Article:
“My son, keep my words, and treasure my commands within you. Keep my commands and live, and my law as the apple of your eye. Bind them on your fingers; write them on the tablet of your heart. Say to wisdom, ‘You are my sister,’ and call understanding your nearest kin” (Proverbs 7:1-4 NKJV).
I have written before about the different systems of education between East and West (Asia versus Europe and North America). Though changes are occurring it is still generally true that the emphasis in western education is comprehension and application while that of the east remains to a great extent simply accumulation of facts through memorization.
On one of our overseas flights Brenda sat beside a young south Asian lady and they discussed their respective faiths (the other woman was Islamic). At one point the Asian passenger mentioned that she had been taught many passages of the Quran in Arabic and could still recite them. However she was never taught to read or speak the Arabic language. She had no idea of the meaning of those passages. No doubt her teachers were proud of her “knowledge” of their Holy Book. We would question whether she had any real knowledge of it at all.
At the other extreme in the west technology is rapidly replacing knowledge. Young people, as well as many who are not so young, question whether there is any need to know simple math or to learn history or even science. We have calculators for the math, and if we need to know anything else we just “google it.” Why should we labor to learn something when access to it is so easy? Younger friends and I were discussing a place they had visited and I pulled out my old school road atlas to locate it. They immediately said, “What is that?” My answer was that some things, like a good overview of a larger region, are still easier to obtain by paper and ink. And regardless of what model smart phone one has, nothing will ever replace the human brain.
Solomon’s advice to his sons and other young men in the book of Proverbs was to obtain wisdom as the greatest of all possessions. That was his own conviction when he became King of Israel at a young age (1 Kings 3:6-9), and he spent his life in its pursuit and application. In the verses cited at the beginning of this article he identifies certain keys to effectual learning. These are worthy of our attention:
Want to learn (2b, “… my law as the apple of your eye”). When we look at something with desire we inevitably fix it in our mind and memory. The love of knowledge is a worthy object. Paul said, “Whatever things are true … meditate on these things” (Philippians 4:8).
Develop muscle memory through practice (3a, “Bind them on your fingers”). Much of what we learn is best assimilated and made permanent by physical application. No one becomes an accomplished pianist simply by reading instruction manuals.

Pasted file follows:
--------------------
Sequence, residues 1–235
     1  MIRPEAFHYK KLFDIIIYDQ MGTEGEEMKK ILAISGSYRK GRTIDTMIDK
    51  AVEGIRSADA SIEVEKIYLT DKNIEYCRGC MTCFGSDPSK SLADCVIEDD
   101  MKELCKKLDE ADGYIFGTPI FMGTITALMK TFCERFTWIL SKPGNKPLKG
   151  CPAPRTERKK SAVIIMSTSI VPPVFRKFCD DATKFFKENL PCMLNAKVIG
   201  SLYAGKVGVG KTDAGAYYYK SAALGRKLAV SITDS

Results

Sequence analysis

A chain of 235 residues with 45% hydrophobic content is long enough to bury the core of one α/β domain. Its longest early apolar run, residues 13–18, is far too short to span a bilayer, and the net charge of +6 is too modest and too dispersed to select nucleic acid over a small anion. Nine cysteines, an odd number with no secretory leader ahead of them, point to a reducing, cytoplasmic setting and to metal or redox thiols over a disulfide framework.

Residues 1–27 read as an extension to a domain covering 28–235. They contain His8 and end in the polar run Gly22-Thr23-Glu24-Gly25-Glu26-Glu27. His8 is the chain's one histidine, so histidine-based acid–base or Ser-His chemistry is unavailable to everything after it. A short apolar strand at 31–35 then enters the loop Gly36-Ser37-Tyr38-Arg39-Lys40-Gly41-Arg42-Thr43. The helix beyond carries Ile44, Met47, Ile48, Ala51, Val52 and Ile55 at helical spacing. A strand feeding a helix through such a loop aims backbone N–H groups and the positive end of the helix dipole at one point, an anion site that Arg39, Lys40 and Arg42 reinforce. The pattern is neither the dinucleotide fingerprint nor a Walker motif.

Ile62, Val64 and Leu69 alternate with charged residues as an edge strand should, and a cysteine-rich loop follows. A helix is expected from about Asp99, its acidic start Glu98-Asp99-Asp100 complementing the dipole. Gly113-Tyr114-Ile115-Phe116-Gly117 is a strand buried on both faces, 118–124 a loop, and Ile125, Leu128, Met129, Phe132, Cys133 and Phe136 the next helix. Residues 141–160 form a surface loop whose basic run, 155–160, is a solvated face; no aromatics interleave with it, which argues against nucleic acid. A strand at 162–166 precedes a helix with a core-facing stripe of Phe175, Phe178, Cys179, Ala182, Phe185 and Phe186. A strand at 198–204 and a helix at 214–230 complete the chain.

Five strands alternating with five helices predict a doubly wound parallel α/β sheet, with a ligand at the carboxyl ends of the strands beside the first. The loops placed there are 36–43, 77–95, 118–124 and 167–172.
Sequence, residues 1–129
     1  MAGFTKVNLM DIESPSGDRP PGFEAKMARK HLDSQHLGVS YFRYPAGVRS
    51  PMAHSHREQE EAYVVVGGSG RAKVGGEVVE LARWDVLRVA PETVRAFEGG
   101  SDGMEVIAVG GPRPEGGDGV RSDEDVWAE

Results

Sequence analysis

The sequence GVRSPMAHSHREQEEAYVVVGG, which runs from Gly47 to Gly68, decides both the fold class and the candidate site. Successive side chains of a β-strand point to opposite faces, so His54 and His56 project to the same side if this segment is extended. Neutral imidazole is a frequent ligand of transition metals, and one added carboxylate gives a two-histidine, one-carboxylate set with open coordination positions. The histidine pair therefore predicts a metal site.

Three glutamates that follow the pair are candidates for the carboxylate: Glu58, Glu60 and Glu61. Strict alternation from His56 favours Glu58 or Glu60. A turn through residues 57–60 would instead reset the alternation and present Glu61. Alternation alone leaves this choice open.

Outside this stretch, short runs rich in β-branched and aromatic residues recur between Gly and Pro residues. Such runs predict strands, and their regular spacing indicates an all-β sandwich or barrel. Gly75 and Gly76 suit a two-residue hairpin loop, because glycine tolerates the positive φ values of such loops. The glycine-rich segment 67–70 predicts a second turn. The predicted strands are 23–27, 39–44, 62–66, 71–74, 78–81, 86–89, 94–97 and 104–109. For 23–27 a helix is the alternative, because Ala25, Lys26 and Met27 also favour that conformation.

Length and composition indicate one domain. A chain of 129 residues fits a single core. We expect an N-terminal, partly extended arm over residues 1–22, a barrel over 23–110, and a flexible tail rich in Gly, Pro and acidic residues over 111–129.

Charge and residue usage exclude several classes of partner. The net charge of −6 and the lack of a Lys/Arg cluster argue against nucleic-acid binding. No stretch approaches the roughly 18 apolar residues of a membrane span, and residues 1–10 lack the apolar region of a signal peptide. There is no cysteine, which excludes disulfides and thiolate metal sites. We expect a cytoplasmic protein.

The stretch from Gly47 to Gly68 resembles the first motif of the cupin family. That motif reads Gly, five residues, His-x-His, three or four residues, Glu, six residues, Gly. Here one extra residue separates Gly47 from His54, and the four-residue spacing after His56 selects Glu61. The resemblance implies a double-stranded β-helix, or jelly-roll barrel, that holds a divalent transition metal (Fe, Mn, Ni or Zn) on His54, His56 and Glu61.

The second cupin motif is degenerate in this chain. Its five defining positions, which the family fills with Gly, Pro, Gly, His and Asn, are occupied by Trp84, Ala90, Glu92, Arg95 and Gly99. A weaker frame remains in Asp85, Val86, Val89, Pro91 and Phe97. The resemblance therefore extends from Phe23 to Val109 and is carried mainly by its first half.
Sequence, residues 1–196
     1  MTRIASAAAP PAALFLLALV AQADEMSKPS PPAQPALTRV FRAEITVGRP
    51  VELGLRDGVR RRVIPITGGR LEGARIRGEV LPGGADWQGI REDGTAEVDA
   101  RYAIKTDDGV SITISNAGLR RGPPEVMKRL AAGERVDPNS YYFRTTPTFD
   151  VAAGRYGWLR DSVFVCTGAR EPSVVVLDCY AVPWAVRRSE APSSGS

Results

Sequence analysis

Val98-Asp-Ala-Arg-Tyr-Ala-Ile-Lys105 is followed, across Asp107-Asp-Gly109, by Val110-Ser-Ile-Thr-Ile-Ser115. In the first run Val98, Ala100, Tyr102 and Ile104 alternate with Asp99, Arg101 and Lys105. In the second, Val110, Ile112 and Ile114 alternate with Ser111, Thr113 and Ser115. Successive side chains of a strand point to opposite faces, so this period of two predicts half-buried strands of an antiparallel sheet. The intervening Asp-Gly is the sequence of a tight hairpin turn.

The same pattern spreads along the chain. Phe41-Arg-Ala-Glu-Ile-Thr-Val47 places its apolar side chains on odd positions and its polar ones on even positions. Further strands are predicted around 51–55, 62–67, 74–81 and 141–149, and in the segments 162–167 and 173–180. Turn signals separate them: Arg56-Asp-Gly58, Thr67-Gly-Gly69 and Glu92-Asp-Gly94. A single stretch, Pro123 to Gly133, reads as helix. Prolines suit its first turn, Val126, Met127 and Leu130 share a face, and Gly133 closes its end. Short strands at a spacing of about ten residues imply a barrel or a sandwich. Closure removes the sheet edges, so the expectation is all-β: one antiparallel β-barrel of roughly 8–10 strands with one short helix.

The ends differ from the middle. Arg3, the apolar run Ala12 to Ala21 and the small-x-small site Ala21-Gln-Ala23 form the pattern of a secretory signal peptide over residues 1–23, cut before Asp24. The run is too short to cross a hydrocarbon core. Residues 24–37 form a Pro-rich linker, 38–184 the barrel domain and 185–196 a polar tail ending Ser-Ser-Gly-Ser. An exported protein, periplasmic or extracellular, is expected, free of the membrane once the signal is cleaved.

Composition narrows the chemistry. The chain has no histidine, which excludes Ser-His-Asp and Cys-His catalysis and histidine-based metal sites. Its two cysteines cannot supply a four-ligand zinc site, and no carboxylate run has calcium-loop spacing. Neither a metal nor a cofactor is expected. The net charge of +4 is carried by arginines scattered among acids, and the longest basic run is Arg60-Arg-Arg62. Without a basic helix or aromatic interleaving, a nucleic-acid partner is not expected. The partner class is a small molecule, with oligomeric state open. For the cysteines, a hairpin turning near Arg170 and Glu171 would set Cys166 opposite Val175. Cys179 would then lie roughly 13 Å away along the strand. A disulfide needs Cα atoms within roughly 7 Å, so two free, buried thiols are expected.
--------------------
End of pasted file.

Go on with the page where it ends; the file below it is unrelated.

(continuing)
Hundreds or thousands of hours of practice are essential for the development of true musical skill. Whatever our area of study, we learn more thoroughly when we act out our lessons. As the Hebrew writer taught, “But solid food (i.e., advanced knowledge) belongs to those who are of full age, that is, those who by reason of use have their senses exercised to discern both good and evil” (Hebrews 5:14).
Work to engrave matters in your memory (3b, “write them on the tablet of your heart”). As I have written previously, “heart” here refers to the center of thought, that is to our minds. Most people consider that they have poor memories. What is probably more true is that they have untrained memories. Any healthy mind has the capacity to remember far more than most of us realize, but it takes conscious effort. That is true of most of what is of value – there is a price to be paid and in terms of knowledge it is study.
Repeat what you want to learn aloud and, even better, write it down (4, “Say to wisdom, ‘you are my sister,’ and call understanding your nearest kin”). When Moses enjoined Israel to learn the commandments of God and teach them to future generations he said,
“And these words which I command you today shall be in your heart. You shall teach them diligently to your children, and shall talk of them when you sit in your house, when you walk by the way, when you lie down, and when you rise up. You shall bind them as a sign on your hand, and they shall be as frontlets between your eyes. You shall write them on the doorposts of your house and on your gates” (Deuteronomy 6:6-9).
Frequent repetition is critical to memorization and retention.
The attainment of wisdom depends upon one’s willingness to expend effort. But if one wills to learn, these techniques will help. We must want knowledge, exercise mental discipline to learn, practice our knowledge physically, and repeat what we have learned frequently.
Those who follow those principles may not attain to the wisdom of Solomon, but they will greatly increase their own intellectual abilities.
Mike likes wisdom literature and helps us learn from it. He wrote the book, In Search of Perfection: Studies from Job.